Here’s what low interest rates really means for your cash

The Reserve Bank of Australia (RBA) has vowed to keep interest rates lower for longer. Here’s what that means for your cash
The post Here’s what low interest rates really means for your cash appeared first on The Motley Fool Australia. –

asx growth shares represented by question mark made out of cash notes

The phrase “interest rates are at record lows” has become ingrained in our expectations over the past year or 2. The Reserve Bank of Australia (RBA) has been whittling interest rates ever lower for so long now that its hard to remember a time when the Bank was doing anything else.

Indeed, we have to go all the way back to November 2010 for the last time the RBA actually raised rates, more than a decade now. Back then, the RBA had just hiked the cash rate by 0.25% to 4.75% – a level that feels immeasurably high by today’s standard. Even over the past year, we have seen a dramatic revision in the cash rate. This time last year, the cash rate was 0.75%. That’s a very long way from the current rate of 0.1% when you think about it.

But we better get used to it.

RBA is keeping rates lower for longer

Last week, the RBA held its monthly meeting and (surprise, surprise) decided to keep the cash rate steady at 0.1%. But the RBA went a little further. It also named the conditions under which it would consider raising rates again. That boiled down to the following:

The board will not increase the cash rate until actual inflation is sustainably within the 2 to 3 per cent target range. For this to occur, wages growth will have to be materially higher than it is currently. This will require significant gains in employment and a return to a tight labour market. The board does not expect these conditions to be met until 2024 at the earliest.

That’s a lot of hurdles for the economy to jump over – hence the 2024 indication.

So rates are pretty much guaranteed to remain at record lows for the next few years, if the RBA is to be believed. This is both a blessing and a curse.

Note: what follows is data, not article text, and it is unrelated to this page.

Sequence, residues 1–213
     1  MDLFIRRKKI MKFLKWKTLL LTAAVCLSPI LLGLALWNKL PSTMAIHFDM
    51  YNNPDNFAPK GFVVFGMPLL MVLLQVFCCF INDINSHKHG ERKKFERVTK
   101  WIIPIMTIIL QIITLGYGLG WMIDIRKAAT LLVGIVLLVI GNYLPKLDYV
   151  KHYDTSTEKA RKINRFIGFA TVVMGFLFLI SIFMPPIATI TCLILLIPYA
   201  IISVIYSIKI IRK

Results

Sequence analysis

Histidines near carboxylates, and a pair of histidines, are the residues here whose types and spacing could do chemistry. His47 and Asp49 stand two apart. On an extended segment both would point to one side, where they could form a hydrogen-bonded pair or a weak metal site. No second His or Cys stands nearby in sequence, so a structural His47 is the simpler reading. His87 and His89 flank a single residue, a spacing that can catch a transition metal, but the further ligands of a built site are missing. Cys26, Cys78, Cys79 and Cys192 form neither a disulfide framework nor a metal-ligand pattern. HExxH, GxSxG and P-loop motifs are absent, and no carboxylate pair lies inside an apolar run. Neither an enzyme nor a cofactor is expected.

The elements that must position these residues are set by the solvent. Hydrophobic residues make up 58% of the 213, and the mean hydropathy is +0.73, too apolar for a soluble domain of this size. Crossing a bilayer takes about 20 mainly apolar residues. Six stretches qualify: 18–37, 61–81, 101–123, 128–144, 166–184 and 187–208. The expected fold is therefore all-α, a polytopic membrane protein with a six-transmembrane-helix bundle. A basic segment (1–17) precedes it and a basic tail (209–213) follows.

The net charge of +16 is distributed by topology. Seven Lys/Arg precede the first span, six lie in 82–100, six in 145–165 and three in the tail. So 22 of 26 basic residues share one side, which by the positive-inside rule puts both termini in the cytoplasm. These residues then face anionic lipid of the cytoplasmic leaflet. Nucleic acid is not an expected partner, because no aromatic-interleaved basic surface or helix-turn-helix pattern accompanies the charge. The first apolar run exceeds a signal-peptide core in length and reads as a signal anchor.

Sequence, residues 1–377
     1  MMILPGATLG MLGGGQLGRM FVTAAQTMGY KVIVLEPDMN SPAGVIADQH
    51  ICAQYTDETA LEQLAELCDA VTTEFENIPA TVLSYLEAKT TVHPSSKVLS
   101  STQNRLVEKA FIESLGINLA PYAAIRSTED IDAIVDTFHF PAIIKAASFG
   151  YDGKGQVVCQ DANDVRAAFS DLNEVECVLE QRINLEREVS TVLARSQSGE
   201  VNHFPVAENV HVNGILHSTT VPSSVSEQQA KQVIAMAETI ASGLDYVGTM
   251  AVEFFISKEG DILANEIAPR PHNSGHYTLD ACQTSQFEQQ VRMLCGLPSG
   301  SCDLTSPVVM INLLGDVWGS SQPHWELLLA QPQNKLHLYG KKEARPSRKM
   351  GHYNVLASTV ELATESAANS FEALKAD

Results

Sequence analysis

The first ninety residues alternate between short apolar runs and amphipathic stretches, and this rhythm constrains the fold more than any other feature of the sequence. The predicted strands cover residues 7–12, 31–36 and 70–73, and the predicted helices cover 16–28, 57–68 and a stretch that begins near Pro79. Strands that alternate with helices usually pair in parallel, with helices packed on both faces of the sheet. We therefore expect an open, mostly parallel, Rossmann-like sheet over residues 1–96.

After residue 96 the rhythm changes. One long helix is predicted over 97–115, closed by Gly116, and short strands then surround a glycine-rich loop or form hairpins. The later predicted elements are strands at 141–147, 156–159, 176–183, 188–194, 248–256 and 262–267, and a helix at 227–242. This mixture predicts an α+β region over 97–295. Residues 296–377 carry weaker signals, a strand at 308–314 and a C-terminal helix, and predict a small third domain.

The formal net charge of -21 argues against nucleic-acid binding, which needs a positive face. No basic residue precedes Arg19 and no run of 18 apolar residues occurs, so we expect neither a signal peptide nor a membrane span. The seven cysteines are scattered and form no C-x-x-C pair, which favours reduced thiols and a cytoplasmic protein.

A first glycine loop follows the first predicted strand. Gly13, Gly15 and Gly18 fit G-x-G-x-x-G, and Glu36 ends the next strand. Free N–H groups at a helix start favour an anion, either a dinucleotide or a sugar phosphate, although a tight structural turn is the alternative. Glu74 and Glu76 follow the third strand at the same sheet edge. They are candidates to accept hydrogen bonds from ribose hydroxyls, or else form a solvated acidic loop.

A zero rate world: blessings and curses

It’s a blessing for the economy and investors. Cheap credit that is permitted under such a low rate is normally good for economic growth. It means businesses that want to borrow to expand, or investors who want to borrow to leverage their assets can do so at the cheapest rates in history. That should be at least partly accommodating to higher economic growth. Further, low rates boost the valuations of growth assets like ASX shares and property. Since most investors ascertain the future value of a share by comparing it to a risk-free rate of return they can get from a government bond, the lower this risk-free rate, the more valuable the shares. And government bond yields are directly tied to interest rates.

But it’s also a curse in many other ways. As retirees would know, safe cash investments like savings accounts and term deposits have never been more unproductive. Indeed, it’s nigh impossible to get a real, inflation-beating rate of return from a term deposit (or a savings account) these days. That has the rather unpleasant side-effect of pushing investors who don’t really want to be in the sharemarket, into the share market. These investors might be desperate for a real return, but concurrently terrified of losing their capital. Such skittishness is not a good thing to have in the markets.